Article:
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Pope Lucius I, born somewhere around 200 AD, rulled only 253 days, from June 25, 253 to March 5, 254. He was a Roman, but other than his father's name, Porphyrianus, we know nothing more about his family or background. It is assumed that he was a member of the clergy under Cornelius.

During the anti-Christian persecution of Gallus, the preceeding pope, Cornelius, was banished and died from his labors in the mines. Lucius was elected as the same persecutions continued. He, too, was banished to Civitavecchia, a port city, shortly after his election for refusing to cooperate with the state's mandated policy against Christian religion. He is accorded the title of "Confessor" for being banished although he was able to return, probably when Valerian became emperor, since he was rather friendly towards the Christians at first.

St. Cyprian sent Lucius several letters, one of congratulations on being elected and one a congratulations on being returned to his home:

"Beloved Brother, only a short time ago we offered you our congratulations, when in exalting you to govern His Church, God graciously bestowed upon you the twofold glory of confessor and bishop. Again we congratulate you, your companions, and the whole congregation, in that, owing to the kind and mighty protection of our Lord, He has led you back with praise and glory to His own, so that the flock can again receive its shepherd, the ship her pilot, and the people a director to govern them and to show openly that it was God's disposition that He permitted your banishment, not that the bishop who had been expelled should be deprived of his church, but rather that he might return to his church with greater authority."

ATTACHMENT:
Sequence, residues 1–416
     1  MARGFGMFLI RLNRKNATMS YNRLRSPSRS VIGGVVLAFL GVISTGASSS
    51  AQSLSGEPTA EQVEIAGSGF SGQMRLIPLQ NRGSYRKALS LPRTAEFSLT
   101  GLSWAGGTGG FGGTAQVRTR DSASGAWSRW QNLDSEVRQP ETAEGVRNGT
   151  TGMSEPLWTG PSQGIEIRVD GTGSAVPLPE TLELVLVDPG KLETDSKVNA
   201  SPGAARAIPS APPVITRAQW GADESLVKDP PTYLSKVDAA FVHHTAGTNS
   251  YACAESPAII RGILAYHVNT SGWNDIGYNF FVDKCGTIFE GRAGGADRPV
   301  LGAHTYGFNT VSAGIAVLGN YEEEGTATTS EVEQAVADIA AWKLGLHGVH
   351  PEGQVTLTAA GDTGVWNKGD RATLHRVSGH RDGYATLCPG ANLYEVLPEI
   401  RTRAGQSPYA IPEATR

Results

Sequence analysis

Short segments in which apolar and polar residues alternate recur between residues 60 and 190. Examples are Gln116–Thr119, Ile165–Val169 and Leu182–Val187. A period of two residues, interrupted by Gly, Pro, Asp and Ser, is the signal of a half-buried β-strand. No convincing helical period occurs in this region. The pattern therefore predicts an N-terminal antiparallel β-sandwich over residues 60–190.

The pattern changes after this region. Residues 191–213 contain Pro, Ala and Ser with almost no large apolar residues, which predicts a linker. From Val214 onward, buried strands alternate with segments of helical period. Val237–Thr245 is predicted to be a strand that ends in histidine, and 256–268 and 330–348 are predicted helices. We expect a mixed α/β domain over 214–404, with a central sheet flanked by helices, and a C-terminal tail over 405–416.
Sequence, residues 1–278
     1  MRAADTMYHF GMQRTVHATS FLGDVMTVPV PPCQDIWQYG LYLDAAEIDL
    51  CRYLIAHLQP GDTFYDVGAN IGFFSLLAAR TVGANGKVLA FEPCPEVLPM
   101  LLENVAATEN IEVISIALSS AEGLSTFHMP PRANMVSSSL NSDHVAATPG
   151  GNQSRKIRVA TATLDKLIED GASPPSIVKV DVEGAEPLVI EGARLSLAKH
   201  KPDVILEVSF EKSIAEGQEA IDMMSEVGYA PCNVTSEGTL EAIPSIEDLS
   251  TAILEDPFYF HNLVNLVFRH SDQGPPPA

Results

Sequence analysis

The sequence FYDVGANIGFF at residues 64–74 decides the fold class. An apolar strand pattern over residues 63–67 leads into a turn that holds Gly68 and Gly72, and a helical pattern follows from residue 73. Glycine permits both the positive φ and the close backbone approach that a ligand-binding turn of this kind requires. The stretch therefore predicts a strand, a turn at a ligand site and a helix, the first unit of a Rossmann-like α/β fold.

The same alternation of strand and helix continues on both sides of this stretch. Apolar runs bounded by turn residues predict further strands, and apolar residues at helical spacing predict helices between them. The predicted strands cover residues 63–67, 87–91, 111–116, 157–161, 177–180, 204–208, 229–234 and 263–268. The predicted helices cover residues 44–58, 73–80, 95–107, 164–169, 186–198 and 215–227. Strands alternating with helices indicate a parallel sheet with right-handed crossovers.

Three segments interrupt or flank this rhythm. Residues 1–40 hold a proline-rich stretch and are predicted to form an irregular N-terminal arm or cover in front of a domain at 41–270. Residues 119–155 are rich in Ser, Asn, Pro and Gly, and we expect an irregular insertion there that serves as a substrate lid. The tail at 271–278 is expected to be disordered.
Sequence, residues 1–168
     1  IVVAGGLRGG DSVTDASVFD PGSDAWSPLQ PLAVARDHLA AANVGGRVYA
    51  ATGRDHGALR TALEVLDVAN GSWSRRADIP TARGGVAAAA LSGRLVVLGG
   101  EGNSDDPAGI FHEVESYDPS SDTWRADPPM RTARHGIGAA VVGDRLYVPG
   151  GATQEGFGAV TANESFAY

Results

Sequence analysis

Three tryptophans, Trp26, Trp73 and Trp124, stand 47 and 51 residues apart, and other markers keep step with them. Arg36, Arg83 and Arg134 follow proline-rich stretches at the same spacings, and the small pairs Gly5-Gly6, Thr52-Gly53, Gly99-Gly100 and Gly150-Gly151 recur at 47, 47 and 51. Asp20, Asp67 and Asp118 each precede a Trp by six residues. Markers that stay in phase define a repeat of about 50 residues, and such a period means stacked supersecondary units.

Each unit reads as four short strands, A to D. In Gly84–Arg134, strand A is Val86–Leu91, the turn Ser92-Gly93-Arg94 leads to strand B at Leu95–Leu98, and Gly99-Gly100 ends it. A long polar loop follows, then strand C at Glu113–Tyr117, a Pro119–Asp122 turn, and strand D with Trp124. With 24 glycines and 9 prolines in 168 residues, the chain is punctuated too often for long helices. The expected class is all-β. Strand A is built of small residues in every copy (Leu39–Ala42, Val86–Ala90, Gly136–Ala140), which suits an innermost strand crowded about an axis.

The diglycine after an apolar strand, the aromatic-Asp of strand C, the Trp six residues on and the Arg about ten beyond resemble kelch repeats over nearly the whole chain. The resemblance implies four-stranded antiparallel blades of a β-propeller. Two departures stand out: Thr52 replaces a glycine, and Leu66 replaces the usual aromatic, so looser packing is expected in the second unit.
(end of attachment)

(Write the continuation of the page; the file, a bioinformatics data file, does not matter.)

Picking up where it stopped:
This letter shows in what high esteem those of other parts of Christendom held the Bishop of Rome.

The most difficult part of this pope's time in office was probably the blossoming of the Novationist sect, which began around the time of Pope Cornelius' reign. This sect believed that serious sins, like adultery, blashemy and lapsing from the faith, were not forgiveable. The penitant had to wait for the Last Judgement and was no longer welcome in the Church. Both popes disagreed and felt that, after serious penance, those people could once again be welcomed into the Church. Just as St. Peter was given power to forgive or retain, so should other bishops. So was the reasoning. In a letter from Lucius, he was shown to agree that forgiveness was possible:

"For they, filled with the spirit of the Lord and confirmed in glorius martyrdom (ie, Cornelius), judged that pardon ought to be given to the Lapsi (fallen), and signified in their letters that, when those had done penance, they were not to be denied the enjoyment of communion and reconciliation."

It is not thought that Lucius was martyred, since Valerian was still friendly towards the Christians that spring. However he died, he was buried in the catacomb of St. Callixtus. There can still be found part of the stone which marked his gravesite, his name still readable. His remains were transferred to the church of San Silvestro in Capite in the 700s and later to the church of St. Cecelia in Trastevere. His skull was said to be brought to Denmark and chased away the demons. But carbon-14 dating showed it to be too recent an object to be his.


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